The IRS issued a notice on Thursday, September 14, 2023 advising taxpayers that a temporary moratorium has been placed on the processing of Employee Retention Tax Credit (ERC) claims until at least the end of the year. In light of this, we at Engineered Tax Services (ETS) want to ensure that you're fully informed and well prepared for the changing landscape.
Why Is the IRS Pausing New ERC Claims?
This recently announced processing pause is intended to:
- Clear the backlog: The IRS currently has around 600,000 claims on file that need processing. This pause enables them to catch up on these pending applications.
- Educate taxpayers: There's a concentrated effort to educate taxpayers about who genuinely qualifies for the ERC, aiming to prevent the filing of unqualified claims.
- Enforce rules more strictly: The IRS is ramping up audit and enforcement measures to identify and penalize fraudulent or unqualified claims. They're also introducing repayment programs for small businesses that may have unintentionally filed incorrect claims.
For further details, please see the official IRS Notice IR-2023-169.
How Does This Affect You?
While this doesn't halt the filing of new ERC claims, be prepared for delays if you file after September 14, 2023. Existing deadlines—April 15, 2024 for 2020 and April 15, 2025 for 2021—remain unchanged.
Views From Our Sources in Washington
The increasing popularity of the ERC has resulted in over 3.6 million claims, with reports indicating a surge in fraudulent filings. Our sources expect that the House Ways and Means Committee and/or the Senate Finance Committee may hold hearings on the ERC and the IRS’s decision to institute a unilateral processing moratorium.
This situation presents a complex dilemma. Some members of Congress were caught off guard by the IRS's sudden decision to pause ERC claim processing, fearing it could discourage eligible small businesses from seeking much-needed pandemic relief. However, many of these lawmakers have also criticized the IRS for poorly managing pandemic-related tax matters, particularly citing incidents of fraud and waste.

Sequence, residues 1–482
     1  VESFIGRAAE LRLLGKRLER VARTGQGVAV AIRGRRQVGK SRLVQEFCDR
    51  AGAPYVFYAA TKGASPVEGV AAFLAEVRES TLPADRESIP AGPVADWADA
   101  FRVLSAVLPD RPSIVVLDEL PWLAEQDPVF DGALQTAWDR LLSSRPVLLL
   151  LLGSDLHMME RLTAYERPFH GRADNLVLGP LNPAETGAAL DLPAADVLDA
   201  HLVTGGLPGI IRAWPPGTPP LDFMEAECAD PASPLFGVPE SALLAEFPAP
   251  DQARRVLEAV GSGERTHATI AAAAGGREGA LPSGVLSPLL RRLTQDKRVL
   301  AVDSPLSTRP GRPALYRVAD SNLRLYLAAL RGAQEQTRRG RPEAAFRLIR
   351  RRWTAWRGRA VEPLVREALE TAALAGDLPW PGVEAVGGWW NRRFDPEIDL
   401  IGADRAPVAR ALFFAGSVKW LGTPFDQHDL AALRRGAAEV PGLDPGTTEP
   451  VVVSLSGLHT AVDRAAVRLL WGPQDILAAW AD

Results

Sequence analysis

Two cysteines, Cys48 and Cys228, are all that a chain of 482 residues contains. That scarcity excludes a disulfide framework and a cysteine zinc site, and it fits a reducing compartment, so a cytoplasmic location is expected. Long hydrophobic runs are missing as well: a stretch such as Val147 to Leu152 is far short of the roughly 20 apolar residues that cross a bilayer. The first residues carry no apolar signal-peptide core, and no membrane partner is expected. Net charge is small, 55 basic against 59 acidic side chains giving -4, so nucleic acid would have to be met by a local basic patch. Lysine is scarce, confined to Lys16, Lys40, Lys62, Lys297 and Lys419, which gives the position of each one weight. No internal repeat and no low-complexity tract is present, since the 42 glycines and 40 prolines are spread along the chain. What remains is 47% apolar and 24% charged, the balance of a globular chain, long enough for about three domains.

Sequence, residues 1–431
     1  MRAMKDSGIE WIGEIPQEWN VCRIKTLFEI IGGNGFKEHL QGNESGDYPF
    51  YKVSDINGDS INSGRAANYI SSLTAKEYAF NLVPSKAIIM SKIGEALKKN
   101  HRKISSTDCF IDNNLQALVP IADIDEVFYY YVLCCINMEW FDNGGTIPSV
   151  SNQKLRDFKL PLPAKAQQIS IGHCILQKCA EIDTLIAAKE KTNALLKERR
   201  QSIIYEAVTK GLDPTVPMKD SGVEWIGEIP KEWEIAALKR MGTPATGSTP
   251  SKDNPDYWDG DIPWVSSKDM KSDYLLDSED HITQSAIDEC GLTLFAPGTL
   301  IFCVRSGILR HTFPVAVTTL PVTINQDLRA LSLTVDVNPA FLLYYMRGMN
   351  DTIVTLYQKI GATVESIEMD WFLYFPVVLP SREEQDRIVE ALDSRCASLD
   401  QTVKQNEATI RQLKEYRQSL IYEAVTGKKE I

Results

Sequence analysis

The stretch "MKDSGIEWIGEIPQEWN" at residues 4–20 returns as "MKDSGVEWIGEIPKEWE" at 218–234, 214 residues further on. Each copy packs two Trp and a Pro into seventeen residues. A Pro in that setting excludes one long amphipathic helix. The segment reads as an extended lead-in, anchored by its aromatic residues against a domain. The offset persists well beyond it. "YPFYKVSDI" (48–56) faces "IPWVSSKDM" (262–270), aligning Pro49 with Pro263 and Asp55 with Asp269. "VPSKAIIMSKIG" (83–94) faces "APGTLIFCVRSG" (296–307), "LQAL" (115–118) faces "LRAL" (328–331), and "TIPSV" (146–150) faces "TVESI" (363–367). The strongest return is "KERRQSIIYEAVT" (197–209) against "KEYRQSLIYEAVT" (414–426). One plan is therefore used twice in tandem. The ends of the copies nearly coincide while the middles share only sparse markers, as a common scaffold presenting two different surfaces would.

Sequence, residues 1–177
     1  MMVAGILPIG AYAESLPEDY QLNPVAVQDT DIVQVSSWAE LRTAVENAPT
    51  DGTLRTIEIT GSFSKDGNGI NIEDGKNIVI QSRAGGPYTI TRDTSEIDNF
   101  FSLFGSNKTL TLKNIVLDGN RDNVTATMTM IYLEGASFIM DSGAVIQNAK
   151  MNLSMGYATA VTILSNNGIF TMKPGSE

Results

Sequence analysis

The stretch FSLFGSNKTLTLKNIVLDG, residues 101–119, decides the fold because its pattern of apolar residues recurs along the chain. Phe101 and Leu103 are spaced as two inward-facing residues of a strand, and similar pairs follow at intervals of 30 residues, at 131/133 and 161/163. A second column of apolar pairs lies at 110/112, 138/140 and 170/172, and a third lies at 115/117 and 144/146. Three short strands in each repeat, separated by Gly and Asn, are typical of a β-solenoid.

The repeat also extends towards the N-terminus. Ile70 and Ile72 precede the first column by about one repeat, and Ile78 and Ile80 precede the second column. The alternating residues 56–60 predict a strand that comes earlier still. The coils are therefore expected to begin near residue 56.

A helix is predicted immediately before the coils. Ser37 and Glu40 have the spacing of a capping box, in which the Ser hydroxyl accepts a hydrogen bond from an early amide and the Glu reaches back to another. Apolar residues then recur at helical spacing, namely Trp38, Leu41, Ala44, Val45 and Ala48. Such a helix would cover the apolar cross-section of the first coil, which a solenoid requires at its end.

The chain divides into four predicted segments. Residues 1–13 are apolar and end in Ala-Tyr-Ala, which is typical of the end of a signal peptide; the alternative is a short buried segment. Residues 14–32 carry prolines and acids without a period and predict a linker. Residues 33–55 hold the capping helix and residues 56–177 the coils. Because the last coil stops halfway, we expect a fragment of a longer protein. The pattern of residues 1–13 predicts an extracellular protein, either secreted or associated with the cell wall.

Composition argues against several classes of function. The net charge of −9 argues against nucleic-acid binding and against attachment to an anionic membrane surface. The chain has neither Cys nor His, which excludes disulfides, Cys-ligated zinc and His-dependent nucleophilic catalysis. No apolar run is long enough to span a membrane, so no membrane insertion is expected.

In defense of its actions, the IRS is likely to argue that the pause is a necessary measure to counter the surge in illegitimate claims. According to their public statements, this move aligns with Congressional calls for stricter oversight. They assert that the halt is designed to protect honest small businesses from predatory companies that mislead them into filing unqualified claims.
Furthermore, Congressional sentiment against increasing the IRS's budget complicates matters. The IRS claims they need additional resources, including manpower, to efficiently process tax filings. With a current backlog of 600,000 filings, it's difficult for Congress to criticize the IRS for taking a breather to catch up. During this pause, the IRS plans to introduce “safe harbor” provisions that will enable businesses to retract or correct false claims before facing stringent audits and penalties.
The value of obtaining a second opinion from qualified tax experts becomes even more crucial under these circumstances, as the IRS gears up for increased scrutiny of ERC claims.
We'll keep a close eye on Washington's response to the IRS's controversial decision.
Why You Should Use ETS for a Second Opinion
Filing an ERC claim can be daunting, especially with the IRS cracking down on fraudulent claims. While you want to take advantage of every tax credit you're entitled to, you certainly do not want to end up in an audit defending an invalid claim.
This is where a second set of expert eyes can give you invaluable confidence and clarity. As specialists in the ERC and other tax credits, our team at ETS stays on top of all the latest IRS rules, measures and deadline changes. We've been warning clients about the rise in ERC scams since November 2022 because we know how quickly things are evolving.
Partnering with us allows you to tap into our specialized knowledge. We can validate whether your company and employees qualify for the credit under the latest guidelines. If eligible, we can provide strategic advice on optimal timing for submission. Finally, we can help ensure your claim is airtight, minimizing the risk of future scrutiny.
While the IRS may be putting a pause on new ERC claims for now, remember that you can still file claims until the current deadlines—April 15, 2022 for eligible quarters in 2020 and April 15, 2025 for eligible quarters in 2021. Given these developments, now is the time to consult qualified experts.
If you're contemplating filing an ERC claim or have recently filed one, we strongly urge you to consult us for a second opinion to validate your eligibility and approach.